Sunday, January 1, 2017

Serena Williams Won't Apologize For Being Black And Confident & We LOVE Her For It!

Christopher Griffith for The New York Times

(Greetings, All! This is a piece I originally wrote for Rickey Smiley's blog, "The Rickey Smiley Morning Show" that I thought I would share with you here. Enjoy and feel free to leave comments!)


At 35 years old, this little Black girl from Compton has become one of the most decorated and accomplished women in all of professional sports. No one has matched her fierce work ethic, unstoppable drive, and sheer competitiveness—not even her big sister Venus. This winner of 22 Grand Slams has been ranked #1 in the world on 6 different occasions. She finished 2016 as the highest-paid female athlete earning $28.9 million. She is confident. She is Black. She is a living legend in the world of sports. She is Serena Williams and she offers no apologies for that. And why should she?

Recently, Serena sat down for a conversation with her good friend and former beau, Common, for ESPN's "The Undefeated" interview series. They discussed what it means to walk in her shoes against the current social landscape. Serena believes that she and her sister were misunderstood early in their careers. From the first moment they stepped on a tennis court, they knew that they were Black and that they were different. They let that reality fuel their efforts rather than stall them.
At very young ages, Venus and Serena's father (and coach) stressed the importance of knowing the history of their people. This knowledge instilled in them a sense of pride. The Williams sisters understood that they stood on the shoulders of their predecessors like Arthur Ashe and Althea Gibson. Their focus, competitiveness, accomplishment, and tenacity were unfamiliar to their opponents, but they were able to shake off racist insults and focus on being the best. Serena explained, "We came from Compton. We came from nothing. We just wanted to play tennis."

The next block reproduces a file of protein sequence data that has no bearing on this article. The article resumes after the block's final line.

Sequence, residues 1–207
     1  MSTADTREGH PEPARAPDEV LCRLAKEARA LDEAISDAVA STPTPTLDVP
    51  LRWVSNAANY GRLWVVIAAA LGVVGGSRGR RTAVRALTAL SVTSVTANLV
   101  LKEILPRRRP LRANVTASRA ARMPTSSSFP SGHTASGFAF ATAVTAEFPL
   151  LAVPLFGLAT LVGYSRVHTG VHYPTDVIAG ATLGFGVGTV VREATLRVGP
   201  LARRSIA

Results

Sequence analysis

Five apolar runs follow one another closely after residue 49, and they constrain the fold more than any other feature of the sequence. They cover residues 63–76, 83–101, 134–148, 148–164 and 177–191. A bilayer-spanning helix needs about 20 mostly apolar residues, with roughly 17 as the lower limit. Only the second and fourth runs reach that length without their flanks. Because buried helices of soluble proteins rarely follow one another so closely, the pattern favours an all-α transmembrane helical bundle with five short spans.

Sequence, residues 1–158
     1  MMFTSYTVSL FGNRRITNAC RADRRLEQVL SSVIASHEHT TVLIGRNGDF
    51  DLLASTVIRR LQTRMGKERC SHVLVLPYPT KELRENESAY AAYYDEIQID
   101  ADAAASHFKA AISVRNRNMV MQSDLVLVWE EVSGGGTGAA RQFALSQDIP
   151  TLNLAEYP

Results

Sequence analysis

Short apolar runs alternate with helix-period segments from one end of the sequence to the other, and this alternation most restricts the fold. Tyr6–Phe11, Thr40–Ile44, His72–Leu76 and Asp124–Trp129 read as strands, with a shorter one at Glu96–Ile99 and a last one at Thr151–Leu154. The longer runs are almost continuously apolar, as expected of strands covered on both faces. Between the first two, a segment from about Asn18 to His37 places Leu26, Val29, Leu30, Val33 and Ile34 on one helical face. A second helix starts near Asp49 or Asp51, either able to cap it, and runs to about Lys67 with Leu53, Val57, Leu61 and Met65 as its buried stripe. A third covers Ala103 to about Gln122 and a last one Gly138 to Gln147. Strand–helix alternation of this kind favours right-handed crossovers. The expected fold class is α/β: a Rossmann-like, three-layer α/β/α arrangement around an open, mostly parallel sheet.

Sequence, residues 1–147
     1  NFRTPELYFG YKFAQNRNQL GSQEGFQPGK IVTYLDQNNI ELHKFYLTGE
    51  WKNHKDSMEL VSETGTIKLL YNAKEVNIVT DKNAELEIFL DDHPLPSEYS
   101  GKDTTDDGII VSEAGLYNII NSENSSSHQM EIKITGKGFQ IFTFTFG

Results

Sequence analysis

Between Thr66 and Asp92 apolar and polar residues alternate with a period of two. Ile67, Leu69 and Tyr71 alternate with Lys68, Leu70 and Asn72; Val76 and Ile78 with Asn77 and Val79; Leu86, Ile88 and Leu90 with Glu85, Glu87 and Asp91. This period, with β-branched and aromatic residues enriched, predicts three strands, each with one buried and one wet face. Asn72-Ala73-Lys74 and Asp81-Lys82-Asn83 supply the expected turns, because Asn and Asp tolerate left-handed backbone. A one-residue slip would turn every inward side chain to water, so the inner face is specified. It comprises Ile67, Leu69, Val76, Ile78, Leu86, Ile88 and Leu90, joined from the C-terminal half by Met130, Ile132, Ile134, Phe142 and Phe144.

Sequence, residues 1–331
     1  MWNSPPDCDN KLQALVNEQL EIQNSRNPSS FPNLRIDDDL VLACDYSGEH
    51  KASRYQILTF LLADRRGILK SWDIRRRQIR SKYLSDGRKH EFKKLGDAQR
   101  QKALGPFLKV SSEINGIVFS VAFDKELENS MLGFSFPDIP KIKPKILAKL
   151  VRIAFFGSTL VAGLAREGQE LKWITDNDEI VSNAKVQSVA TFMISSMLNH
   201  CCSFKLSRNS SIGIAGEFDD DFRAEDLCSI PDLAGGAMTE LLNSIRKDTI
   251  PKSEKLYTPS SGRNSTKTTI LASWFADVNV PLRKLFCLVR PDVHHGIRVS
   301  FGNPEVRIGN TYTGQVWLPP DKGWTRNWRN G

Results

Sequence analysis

Serena has always been true to herself and acutely self-aware. She thrives on being different and always looks to discover her own path. To stay focused on her craft and being her very best, Serena insulates herself against all negativity. At age 17, she decided to stop reading all press, good and bad, to keep her ego in check and the critics at bay. Her dad taught her to believe that she could be the best. When she first articulated those goals, Serena was often met with resistance from those who just didn't understand her empowered mindset. You see, little Black girls from the hood aren't supposed to speak in those terms.
Serena acknowledges that there is pressure when she is on the court to represent her race well but, when she considers her accomplishments, she accepts that the pressure is par for the course. The racism Serena has encountered spans from the crowds to tournament organizers, to advertisers, and even opponents. She has becoming painfully aware of the pressures that Black men face every time they get behind the wheel of a car, as evidenced by a Facebook post she wrote about her nephew. While opening doors for other Black tennis players and becoming a role model was hardly on radar at the start of her journey, it is now something she embraces. Serena wants to use her platform to make real change regarding race relations.
Serena embraces her physical and mental strength. Both have enabled her to become the greatest tennis player to ever hold a racket. Her beauty, grace, and her bold Blackness have earned the respect of those who once hated her solely for the color of her skin. So, if anybody owes anybody an apology, it is those people who owe you, Serena. Keep doing what you are doing. We see you, Sis.

Be good to yourself! More next time...

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